With only a few first-person shooters gracing the PlayStation Vita to date, there's plenty of room on Sony's handheld for anything offering up some half decent blasting. Since the bar hasn't exactly been set particularly high either, there's a perfect chance for classic titles such as Duke Nukem 3D: Megaton Edition to stomp onto the scene, giving the PlayStation faithful an opportunity to experience a game that, along with DOOM, Quake, and Half-Life, helped to propel the genre to the height of popularity.
Proceedings open with the titular hero more than a little upset as alien invaders have descended on Earth bringing destruction to Los Angeles. Since he's the planet's number one alpha male, his solution is simple: kill every single extra terrestrial, while spouting lines lifted straight from a raft of eighties action flicks. While light on story, the Megaton Edition of Duke Nukem 3D has plenty of content, as it includes not only the three episodes that made up the original release, but also a number of the additional instalments that were created later. As a result, there's plenty to see – although how much you enjoy the trip down gaming memory lane will depend somewhat on your nostalgia for Duke in the first place.
To say that the blocky geometry of the levels and the 2D sprite enemies look a little dated is a bit of an understatement, but on the upside this means that the game runs really well on the Vita, maintaining a consistently fluid framerate throughout. Another plus is that the level layouts are still really fun to explore, mainly due to them being built to resemble recognisable locations – such as a supermarket or a strip club – rather than the more abstract level designs common in other nineties shooters.
The 'adult' aspects of Duke Nukem 3D, while all present and correct, are – by today's standards – very tame. Fortunately, the crasser parts of Duke's persona, and his immature interactions with the opposite sex, diminish in frequency the further that you get into the game. This at least allows you to tune out his misogyny so that you can enjoy the first-person action, which thankfully still holds up today.
Fighting your way through your alien adversaries as a one man army is gratifying, not only due to the generous auto-aim, but also because of the arsenal at your disposal, ranging from the excellent shotgun to the infamous shrink ray, which miniaturises enemies so that you can squash them under your boot. You'll have no problem finding a use for pretty much every weapon, with only the laser trip mines staying in your toolbox, as you're more likely to blow yourself up along with your target should you start sticking them to walls.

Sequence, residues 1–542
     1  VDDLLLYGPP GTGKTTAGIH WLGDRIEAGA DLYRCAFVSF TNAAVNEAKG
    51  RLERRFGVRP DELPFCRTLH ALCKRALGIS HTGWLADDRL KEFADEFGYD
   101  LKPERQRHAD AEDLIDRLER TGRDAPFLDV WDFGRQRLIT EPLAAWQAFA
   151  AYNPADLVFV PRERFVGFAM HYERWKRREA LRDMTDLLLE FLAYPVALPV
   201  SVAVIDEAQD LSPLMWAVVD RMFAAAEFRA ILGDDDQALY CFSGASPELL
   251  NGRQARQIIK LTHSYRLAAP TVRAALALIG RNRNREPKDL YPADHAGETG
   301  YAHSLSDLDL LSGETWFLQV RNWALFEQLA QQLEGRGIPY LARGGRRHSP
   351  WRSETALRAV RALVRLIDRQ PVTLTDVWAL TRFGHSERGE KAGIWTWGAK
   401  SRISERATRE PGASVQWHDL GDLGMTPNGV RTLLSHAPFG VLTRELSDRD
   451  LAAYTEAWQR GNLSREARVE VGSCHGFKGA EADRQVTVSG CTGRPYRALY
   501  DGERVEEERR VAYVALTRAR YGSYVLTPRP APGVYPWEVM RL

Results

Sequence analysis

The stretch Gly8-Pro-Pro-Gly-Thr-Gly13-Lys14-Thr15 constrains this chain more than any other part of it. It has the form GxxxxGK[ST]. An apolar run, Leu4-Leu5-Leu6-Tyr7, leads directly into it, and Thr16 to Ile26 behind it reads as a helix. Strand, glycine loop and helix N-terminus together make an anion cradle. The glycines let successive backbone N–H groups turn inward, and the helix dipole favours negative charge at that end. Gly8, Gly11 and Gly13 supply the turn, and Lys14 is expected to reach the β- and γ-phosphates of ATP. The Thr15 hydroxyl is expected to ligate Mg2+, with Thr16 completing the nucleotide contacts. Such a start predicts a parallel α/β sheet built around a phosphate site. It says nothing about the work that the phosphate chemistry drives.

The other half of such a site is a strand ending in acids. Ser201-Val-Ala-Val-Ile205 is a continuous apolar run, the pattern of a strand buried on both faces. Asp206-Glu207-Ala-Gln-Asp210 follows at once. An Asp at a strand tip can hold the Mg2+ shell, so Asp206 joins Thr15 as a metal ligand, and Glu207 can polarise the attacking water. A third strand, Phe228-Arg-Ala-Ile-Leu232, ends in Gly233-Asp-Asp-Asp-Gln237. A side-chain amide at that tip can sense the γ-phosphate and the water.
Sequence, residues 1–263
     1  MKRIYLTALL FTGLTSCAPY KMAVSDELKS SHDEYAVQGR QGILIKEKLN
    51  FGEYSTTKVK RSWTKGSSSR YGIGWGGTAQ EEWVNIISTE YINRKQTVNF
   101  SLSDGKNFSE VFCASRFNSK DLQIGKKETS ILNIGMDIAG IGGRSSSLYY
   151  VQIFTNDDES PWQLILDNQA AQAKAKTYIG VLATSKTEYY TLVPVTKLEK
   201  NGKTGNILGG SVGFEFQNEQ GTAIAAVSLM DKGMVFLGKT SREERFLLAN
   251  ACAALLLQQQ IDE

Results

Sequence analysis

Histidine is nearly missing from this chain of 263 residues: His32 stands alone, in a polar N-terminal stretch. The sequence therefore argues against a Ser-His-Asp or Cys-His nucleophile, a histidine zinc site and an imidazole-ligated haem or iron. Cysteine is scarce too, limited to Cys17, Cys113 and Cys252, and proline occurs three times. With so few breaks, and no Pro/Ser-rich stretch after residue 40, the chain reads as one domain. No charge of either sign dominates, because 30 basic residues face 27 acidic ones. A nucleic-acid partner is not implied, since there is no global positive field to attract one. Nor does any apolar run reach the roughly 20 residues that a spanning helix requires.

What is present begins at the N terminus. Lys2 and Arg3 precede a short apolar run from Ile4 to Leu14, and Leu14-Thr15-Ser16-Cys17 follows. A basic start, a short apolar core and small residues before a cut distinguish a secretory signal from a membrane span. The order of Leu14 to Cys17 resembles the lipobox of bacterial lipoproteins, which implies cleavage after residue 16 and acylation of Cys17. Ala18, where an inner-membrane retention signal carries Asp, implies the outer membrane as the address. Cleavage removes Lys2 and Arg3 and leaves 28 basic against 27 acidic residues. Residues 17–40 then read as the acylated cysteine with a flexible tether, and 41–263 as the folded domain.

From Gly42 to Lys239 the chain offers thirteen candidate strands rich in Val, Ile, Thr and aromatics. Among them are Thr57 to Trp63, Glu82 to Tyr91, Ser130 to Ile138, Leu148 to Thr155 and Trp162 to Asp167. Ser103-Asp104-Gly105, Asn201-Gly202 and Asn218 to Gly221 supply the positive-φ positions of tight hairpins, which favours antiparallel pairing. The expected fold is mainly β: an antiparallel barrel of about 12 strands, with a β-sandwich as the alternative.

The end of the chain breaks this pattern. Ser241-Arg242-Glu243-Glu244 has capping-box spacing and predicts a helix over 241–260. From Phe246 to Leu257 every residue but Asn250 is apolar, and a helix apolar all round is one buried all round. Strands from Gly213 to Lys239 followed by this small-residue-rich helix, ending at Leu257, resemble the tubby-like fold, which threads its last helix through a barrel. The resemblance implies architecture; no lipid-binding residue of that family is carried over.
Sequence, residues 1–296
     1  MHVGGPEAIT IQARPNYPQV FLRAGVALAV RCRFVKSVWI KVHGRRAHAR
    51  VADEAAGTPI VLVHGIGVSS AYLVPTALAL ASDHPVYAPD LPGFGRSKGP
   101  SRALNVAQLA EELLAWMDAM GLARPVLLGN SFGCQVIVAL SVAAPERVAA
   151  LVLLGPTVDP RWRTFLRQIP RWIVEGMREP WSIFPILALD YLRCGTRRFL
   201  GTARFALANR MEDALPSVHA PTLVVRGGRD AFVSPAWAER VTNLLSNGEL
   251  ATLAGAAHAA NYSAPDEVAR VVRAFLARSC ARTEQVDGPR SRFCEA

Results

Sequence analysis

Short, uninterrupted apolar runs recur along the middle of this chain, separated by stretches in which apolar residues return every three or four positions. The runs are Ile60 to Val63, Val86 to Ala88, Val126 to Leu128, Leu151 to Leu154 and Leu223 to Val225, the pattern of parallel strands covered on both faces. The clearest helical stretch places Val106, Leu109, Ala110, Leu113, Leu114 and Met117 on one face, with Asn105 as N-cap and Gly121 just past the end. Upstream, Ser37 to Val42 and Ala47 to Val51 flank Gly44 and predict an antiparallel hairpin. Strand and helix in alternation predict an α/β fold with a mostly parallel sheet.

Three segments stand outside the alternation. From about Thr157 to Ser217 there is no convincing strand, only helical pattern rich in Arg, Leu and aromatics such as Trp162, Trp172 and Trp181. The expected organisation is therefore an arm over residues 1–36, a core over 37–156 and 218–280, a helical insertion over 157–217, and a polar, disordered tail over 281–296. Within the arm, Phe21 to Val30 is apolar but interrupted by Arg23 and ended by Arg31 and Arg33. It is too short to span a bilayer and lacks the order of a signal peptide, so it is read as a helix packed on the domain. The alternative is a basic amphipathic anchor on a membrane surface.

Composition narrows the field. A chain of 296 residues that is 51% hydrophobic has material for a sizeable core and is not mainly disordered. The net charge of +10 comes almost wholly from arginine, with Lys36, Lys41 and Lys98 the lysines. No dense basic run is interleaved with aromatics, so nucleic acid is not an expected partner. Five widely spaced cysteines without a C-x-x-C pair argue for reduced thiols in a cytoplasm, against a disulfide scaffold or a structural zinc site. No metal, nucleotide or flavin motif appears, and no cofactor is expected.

As Duke's particularly light footed – especially when sprinting – the action moves at quite a fast pace, and you'll need to be careful that you don't run yourself straight into trouble, as it's easy to get killed should you end up on the wrong end of a blast from some of the stronger enemies. With no recharging health, you'll have to rely on medical kits and armour pickups to keep yourself alive, but when the inevitable happens, Duke Nukem 3D offers a unique solution to death – well, unique for a first-person shooter at least.
Rather than operating a manual save or a checkpoint system, you'll instead respawn by rewinding to any point in your playthrough of the current level, selecting the exact moment to jump back into the action. This helps keep your frustration to a minimum, as it's not only useful for restarting just before a particularly challenging section, but also can help you avoid getting into an unfortunate dead end, where you have too little ammunition or health to get past an encounter.
In addition to the single player, there are also a couple of multiplayer options that allow you to either play co-operatively through stages with others, or battle against them in 'Dukematch' mode. Unfortunately, the multiplayer's plagued by connection issues and lag that make it virtually unplayable, and when you also add in the fact there seems to be very few players online, you're better off forgetting about the multiplayer altogether and sticking to the campaign on your own.
If you've any interest in gaming history, or get a warm, nostalgic feeling about having played Duke's adventures in the past, then Duke Nukem 3D: Megaton Edition is well worth your time. If, however, you don't fall into either of these camps, then it's unlikely that any of the smart design decisions made to update this classic will get you past the more antiquated aspects. This is a shame as, despite the odd misstep, it's a perfect fit for the Vita, offering one of the best examples of the genre on the handheld to date.